Is our culture of individualism and personal space causing social breakdown? Thoughts?

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drunk-preaching reverse-psychology

Waiting for the station announcement, waiting for the tracks to screech, waiting for my feet to vibrate - I, along with everyone, was suddenly surprised by the next event unfolding. A lone man yelling and swearing emerged from the pack. He swayed back and forth holding a bottle in the air.

F***ing pricks! You think ya know whats f***ing good for me? People frantically glanced around hoping for some answers to the commotion.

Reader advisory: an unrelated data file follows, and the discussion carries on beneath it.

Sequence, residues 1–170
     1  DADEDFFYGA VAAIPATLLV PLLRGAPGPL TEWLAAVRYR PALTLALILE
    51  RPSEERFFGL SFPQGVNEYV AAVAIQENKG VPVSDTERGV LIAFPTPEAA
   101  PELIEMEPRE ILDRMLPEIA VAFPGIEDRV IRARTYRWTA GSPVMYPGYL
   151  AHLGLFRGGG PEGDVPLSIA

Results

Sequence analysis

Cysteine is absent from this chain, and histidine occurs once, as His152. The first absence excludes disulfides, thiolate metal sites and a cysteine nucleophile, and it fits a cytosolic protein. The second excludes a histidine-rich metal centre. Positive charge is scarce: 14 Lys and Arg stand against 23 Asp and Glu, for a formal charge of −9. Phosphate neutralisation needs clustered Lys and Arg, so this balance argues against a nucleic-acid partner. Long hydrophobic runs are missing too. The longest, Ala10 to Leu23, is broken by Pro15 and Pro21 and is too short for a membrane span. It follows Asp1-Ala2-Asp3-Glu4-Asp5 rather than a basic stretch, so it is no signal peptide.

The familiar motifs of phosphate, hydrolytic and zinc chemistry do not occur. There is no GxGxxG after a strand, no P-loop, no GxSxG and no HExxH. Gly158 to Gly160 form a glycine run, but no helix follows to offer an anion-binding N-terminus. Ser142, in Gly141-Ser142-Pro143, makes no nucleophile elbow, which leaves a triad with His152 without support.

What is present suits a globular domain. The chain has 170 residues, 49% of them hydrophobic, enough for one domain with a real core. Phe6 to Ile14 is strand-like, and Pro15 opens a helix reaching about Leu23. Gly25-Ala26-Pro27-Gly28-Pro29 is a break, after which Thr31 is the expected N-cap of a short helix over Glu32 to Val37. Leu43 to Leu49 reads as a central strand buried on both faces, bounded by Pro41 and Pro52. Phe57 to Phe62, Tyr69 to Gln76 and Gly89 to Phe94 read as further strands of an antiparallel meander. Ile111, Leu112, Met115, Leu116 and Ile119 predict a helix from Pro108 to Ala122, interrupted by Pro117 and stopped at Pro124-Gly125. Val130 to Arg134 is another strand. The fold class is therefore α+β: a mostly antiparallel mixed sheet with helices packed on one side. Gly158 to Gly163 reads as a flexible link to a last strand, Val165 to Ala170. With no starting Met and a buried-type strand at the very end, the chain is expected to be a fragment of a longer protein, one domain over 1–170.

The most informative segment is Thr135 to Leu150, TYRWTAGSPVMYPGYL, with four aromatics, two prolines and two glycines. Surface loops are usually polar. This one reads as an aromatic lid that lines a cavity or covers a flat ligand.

I f***ing need 'em. Ya can't just take my life from me!
Be clean...? F*** this s***! They're good for me!
This world's screwed up... i f***ing may as well be too.
...they'll change your life son
he hinted towards a school student.

It soon became obvious to everyone what was going on. Those around me laughed and spoke to themselves:
How pathetic!
That's what you get for taking drugs!
What a life!

The train arrived, drowning out the sound of the drunk man. This obscure event gave me an interesting ride to work as I deeply considered what just happened:

He was, in a way, preaching to a crowd
He believed what he said
His lifestyle wasn't hypocritical to his message
He was confident
He was passionate
...in fact... he's a perfect communicator!
Then why such a negative response? I think its two fold:
- people already had preconceived understandings into the effects of drugs and alcohol
- people were embarrassed to associate themselves with his behaviour
Therefore it would be virtually impossible for this man to 'convert' anyone to his belief and lifestyle.